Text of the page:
The “Monsanto Protection Act”

It’s spring; plants are giving wing to their seeds, love birds are in the air, people are tilling their gardens and sowing their crops. You might be sneezing more than usual, sniffing and snuffing and smelling allergy season in the air. The spreading of seeds, pollen or any of nature’s genes is one of the utmost organic processes our world witnesses… right?

Just as sneaky as the wind itself and just as slick as the cape of water that douses the land was Obama’s passing of bill HR 933 into law on March 26, 2013. Recently gaining public attention is the story of the “Monsanto Protection Act” which is a name given by opponents of the Farmer Assurance Provision. The law has riled up organic farmers, consumer advocates, and many random Facebookers who consider the act a highway ride down the Genetically Modified Organism, GMO, and Genetically Engineered, GE, tunnel of darkness. And on their course down this probably turbulent road GMO corporate hounds such as the leading Monsanto Company are understood by the general public as virtually immune to any “tickets” they might deserve along the way.

Within HR 933, the Continuing Resolution that will fund the government until the end of the fiscal year, a liability waiver of such was “snuck” into the budget section. This section, Section 735, is referred to as the “biotech rider”. This provision is claimed to allow biotech lobbyists insurance for their GMO crops, giving them safeguard against any serious scientific or regulatory review.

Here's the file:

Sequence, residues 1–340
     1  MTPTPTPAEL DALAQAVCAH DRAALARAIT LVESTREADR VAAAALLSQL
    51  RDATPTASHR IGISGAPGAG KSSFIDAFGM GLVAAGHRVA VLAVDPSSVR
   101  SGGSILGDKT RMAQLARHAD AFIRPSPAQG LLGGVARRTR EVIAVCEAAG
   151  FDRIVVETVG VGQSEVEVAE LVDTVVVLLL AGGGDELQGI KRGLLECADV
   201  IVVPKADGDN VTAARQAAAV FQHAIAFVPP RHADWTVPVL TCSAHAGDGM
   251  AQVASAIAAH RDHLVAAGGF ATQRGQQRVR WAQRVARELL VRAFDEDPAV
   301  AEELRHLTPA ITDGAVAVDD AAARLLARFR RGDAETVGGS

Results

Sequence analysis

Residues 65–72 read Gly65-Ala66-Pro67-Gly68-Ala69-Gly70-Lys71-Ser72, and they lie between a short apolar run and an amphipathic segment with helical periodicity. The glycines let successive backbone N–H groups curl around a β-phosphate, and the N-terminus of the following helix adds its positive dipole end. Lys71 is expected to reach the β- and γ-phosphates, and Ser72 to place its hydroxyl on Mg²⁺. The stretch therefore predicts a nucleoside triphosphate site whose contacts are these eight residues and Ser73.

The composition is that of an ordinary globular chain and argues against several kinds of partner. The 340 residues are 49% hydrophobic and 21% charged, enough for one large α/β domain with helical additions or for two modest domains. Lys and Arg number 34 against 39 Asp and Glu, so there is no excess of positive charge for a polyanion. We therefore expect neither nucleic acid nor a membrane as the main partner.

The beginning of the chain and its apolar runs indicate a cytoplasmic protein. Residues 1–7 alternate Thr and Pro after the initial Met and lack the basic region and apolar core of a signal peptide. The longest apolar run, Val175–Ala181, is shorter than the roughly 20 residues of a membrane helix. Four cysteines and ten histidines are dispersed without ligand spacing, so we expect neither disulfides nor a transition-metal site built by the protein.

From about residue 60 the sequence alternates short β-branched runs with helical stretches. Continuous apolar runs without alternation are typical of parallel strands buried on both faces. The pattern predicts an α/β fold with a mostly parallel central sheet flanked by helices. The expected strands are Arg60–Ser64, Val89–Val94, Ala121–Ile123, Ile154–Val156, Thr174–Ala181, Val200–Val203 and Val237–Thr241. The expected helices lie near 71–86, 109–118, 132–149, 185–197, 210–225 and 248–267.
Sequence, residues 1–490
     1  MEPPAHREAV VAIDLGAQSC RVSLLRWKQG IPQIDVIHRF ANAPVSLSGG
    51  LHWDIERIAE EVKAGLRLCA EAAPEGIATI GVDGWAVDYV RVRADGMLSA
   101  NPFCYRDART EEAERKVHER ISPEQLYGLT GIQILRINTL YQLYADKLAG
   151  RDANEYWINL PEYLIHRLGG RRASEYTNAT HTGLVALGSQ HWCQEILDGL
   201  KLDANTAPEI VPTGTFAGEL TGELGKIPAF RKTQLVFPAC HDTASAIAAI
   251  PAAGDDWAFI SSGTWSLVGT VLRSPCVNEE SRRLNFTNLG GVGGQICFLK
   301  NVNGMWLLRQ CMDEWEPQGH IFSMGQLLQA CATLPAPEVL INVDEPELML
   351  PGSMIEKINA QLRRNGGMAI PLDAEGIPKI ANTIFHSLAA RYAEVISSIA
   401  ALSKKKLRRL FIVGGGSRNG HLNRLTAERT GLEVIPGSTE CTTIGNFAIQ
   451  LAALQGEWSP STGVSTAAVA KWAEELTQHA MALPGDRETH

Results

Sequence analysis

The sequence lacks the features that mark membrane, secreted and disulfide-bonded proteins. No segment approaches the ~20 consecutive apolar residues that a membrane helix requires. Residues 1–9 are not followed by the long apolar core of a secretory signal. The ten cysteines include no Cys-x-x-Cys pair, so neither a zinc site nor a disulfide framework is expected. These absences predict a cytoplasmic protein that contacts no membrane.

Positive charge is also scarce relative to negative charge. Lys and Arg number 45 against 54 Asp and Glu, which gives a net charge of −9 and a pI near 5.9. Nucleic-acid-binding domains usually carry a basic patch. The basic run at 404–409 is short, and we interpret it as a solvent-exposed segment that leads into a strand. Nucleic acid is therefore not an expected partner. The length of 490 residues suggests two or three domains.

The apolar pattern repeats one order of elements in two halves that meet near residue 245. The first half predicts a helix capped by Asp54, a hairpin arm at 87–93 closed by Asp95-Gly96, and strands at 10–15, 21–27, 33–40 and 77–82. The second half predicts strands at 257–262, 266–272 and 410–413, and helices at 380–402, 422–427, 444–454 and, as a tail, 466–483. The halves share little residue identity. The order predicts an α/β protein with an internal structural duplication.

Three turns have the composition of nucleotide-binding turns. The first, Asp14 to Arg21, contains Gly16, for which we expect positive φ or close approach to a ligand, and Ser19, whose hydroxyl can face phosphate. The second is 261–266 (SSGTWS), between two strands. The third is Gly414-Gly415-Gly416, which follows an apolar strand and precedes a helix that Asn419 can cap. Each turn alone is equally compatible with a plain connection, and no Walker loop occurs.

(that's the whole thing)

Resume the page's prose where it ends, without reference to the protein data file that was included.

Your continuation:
But for a moment, we can disregard this newly paved law and take a break to huff aerosol pesticide fumes from the farm nearby and drool on tomatoes that have been probed with genes from other organisms so that they remain fresh longer on-shelf. Or you can not do that, but during this moment we’ll make sure to think about the fact that GMO and GE seeds, pollen, spores, whatever other means of reproduction, are not limited to fructify with other modified crops. They’re out there for the taking; they’re quite literally on the market. They’re also hiding behind hay stacks and spreading their funky coding to what could have been organic, heirloom products.

Not only are companies like Monsanto gaining an exaggerated free rein over the food industry, but their products: living, breeding, things are deliberately or not bastardizing unsuspecting crops. This is a small world, after all, and the wind doesn’t only blow straight down on Monsanto’s experiments. It carries byproducts with it and plops them wherever randomness pleases. According to my understanding of the introduction of HR 933, its implementations are meant to dissociate on Sept. 30, 2013, the end of the fiscal year.

It could be a long ride.